Sunday 20 Oct 2019 | 21:24 | SYDNEY
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Australia and Climate Change

The Lowy Institute has surveyed Australians about their views on global warming and climate change for the past fourteen years. Public support for action on climate change was high in the 2006 Lowy Institute Poll, but then fell consistently until 2012. One explanation for this could be political infighting and leadership churn in Australia, as well as a fierce campaign against a ‘carbon tax’. But the impact of severe droughts is another possible factor.

In a dramatic reversal of attitudes since 2012, however, concern about global warming has been rising steadily over the past six years. In 2019, six in ten Australians (61%) say global warming is ‘a serious and pressing problem’ about which ‘we should begin taking steps now even if this involves significant costs’. The issue of climate change and global warming continues to split Australians along generational lines. A clear majority (76%) of young Australians aged 18-44 agree with this statement, compared to just half (49%) of their elders.

Below we chart the results of Lowy Institute polling since 2006 on the issue of global warming, accompanied by a timeline of important developments in Australia’s climate policy history.

This is an early release of climate change results from the Lowy Institute Poll 2019. The full report will be released in June. More information on Australian attitudes towards climate change and other foreign policy issues is available at the Lowy Institute Poll interactive.


There is a controversy over what the countries of the world, including Australia, should do about the problem of global warming. I’m going to read you three statements. Please tell me which statement comes closest to your own point of view:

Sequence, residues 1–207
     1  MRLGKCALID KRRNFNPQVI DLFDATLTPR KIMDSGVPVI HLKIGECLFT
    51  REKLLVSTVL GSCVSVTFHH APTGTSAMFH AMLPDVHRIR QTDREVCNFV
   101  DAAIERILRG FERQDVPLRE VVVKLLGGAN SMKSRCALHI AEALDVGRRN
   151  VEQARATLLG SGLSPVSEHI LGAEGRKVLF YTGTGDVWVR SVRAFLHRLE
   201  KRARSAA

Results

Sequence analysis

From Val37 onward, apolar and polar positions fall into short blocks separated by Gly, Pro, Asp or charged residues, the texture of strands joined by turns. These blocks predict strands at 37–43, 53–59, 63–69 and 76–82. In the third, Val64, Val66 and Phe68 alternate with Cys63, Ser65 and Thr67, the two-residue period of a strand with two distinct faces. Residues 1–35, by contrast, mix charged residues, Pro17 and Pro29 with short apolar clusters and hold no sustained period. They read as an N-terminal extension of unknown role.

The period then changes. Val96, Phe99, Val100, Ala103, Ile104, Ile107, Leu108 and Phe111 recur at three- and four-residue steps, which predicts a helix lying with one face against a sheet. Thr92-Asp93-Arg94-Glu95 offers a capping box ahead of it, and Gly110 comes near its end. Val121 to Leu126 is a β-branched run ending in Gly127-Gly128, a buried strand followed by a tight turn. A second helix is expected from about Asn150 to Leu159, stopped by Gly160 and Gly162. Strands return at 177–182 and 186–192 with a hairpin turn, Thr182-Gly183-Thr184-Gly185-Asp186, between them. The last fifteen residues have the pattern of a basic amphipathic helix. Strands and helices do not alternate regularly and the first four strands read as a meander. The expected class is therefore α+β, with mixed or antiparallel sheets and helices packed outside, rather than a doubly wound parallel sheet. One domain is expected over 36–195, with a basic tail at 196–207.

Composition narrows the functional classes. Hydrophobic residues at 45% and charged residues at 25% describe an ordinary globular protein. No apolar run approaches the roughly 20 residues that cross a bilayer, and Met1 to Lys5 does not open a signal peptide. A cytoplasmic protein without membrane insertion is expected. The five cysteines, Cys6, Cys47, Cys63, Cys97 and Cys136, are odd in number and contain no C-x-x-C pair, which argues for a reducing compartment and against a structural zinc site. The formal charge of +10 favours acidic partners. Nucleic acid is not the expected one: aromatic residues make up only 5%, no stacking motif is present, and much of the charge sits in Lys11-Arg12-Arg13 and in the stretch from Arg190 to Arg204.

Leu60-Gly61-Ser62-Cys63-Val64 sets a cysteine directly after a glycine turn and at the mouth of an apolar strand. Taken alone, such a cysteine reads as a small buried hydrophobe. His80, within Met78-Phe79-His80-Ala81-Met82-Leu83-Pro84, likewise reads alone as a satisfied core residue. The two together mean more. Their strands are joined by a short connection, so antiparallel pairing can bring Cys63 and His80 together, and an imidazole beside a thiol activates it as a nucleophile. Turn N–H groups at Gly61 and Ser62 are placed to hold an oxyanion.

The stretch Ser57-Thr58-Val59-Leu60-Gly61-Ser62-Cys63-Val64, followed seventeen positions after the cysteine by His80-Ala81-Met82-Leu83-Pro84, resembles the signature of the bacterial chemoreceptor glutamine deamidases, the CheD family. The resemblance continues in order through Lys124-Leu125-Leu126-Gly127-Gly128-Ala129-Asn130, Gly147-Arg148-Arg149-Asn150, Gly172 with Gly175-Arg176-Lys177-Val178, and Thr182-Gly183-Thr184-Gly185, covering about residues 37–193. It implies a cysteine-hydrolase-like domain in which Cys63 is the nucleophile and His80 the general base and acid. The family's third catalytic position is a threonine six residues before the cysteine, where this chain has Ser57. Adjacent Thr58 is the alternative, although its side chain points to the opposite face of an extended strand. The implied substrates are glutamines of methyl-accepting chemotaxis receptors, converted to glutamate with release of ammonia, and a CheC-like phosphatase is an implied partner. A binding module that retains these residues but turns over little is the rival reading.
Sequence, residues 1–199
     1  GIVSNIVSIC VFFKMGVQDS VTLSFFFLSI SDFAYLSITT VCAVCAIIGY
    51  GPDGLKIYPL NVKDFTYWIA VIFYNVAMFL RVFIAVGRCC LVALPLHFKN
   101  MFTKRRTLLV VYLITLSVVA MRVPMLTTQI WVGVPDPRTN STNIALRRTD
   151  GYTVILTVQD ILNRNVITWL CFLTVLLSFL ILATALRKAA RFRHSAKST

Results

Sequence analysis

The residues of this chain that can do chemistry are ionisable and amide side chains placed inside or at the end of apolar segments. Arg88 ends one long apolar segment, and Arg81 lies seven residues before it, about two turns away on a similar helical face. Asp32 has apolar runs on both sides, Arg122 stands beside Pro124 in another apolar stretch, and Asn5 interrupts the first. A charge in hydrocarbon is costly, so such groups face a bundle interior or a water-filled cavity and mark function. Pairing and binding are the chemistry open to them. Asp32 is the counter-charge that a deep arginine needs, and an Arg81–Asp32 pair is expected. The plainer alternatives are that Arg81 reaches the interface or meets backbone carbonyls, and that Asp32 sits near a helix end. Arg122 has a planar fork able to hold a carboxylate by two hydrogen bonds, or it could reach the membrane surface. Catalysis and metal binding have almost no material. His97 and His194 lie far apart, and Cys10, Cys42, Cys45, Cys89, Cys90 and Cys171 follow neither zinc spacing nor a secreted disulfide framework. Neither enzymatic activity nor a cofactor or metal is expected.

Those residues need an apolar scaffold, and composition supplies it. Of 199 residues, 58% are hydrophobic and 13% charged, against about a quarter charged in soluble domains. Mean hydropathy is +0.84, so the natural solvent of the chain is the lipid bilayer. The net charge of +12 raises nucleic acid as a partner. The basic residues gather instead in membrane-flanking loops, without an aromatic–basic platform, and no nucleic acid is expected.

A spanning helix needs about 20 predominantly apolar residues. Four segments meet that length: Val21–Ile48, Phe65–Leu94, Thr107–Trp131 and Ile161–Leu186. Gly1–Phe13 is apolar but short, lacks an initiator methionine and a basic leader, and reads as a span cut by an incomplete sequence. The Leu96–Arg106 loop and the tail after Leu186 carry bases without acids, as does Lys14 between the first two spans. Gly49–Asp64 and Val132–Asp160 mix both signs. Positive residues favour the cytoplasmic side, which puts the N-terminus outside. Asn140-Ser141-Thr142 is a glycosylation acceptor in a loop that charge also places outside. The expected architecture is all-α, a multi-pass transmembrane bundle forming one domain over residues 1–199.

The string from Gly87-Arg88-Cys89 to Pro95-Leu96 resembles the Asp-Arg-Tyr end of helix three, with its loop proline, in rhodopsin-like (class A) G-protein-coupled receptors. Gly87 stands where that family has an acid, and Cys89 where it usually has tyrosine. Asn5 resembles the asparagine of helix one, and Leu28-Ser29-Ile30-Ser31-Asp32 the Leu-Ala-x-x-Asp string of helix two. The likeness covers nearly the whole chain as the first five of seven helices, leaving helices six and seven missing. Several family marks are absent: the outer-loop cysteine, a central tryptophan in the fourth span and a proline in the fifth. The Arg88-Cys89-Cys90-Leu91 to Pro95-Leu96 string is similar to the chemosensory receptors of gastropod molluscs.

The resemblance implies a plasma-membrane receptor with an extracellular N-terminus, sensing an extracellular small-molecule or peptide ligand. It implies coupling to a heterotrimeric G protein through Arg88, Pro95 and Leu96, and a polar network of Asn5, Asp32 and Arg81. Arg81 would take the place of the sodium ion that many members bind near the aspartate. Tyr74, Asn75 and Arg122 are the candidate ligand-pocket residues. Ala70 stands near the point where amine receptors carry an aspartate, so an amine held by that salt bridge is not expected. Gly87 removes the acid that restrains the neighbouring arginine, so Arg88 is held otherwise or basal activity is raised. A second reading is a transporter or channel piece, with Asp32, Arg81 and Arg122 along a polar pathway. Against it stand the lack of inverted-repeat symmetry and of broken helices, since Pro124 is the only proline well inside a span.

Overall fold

• Global warming is a serious and pressing problem. We should begin taking steps now, even if this involves significant costs.
  • The problem of global warming should be addressed, but its effects will be gradual, so we can deal with the problem gradually by taking steps that are low in cost.
  • Until we are sure that global warming is really a problem, we should not take any steps that would have economic costs.

“Accepting the science”, rejecting the action

Prime Minister Scott Morrison has a problem. Australia’s Pacific Island neighbours urgently want industrialised economies to reduce their greenhouse-gas emissions and make policy commitments beyond existing pledges. Senior ministers in the Morrison government, however, do not accept the latest

Climate change is a national security issue

If only a minister of the Morrison government would be as forthright in identifying climate change as a massive destabilising force in Australia’s region as the Chief of the Defence Force Angus Campbell has been. In a private speech in Bowral in June, General Campbell is reported to have sounded

An orthodox economic take on climate change shocks

In a debate as politically fractious as climate change, it is useful to have credible voices joining the fray. On Tuesday night, the Reserve Bank of Australia (RBA) waded into the waters with a speech by Deputy Governor Guy Debelle. It has immediately been seen as an urgent call to action. More

How to save one million lives, and then millions more

“Climate change is the greatest health challenge of the 21st century”. Such is the conclusion of the latest report by the World Health Organization (WHO), released last month to coincide with the COP24 climate conference in Katowice, Poland. The report makes clear that immediate action on

Finding Australia’s fair share of climate finance

Climate finance was high on the agenda in Paris last month as French President Emmanuel Macron co-hosted the 'One Planet Summit' with the UN and World Bank, preceded by a 'Climate Finance Day' with bankers and major institutional investors. Climate finance has been a central pillar of global

The two Americas at COP23

Before his fall from grace, former Democratic vice-presidential candidate John Edwards used to talk about 'the two Americas' to describe the gap between the poor and the wealthy. But the phrase earned an afterlife, not least to describe the philosophical chasm between the coastal areas that

Climate change will place new pressures on LHD vessels

Greg Colton’s article on Talisman Sabre 2017 highlights Australia’s new amphibious assault capacity through the Landing Helicopter Class (LHD) ships HMAS Adelaide and HMAS Canberra. Colton states that 'for the first time in three decades, Australia now has the military capability to back up its

Three focus points for Turnbull at G20 summit

You have to hand it to Kim Jung Un. In politics, as in comedy, timing is everything. The launch of an intercontinental ballistic missile two days before the G20 summit ensures that North Korea jumps to the top of the Summit's agenda. With one push of the button - probably practically as well as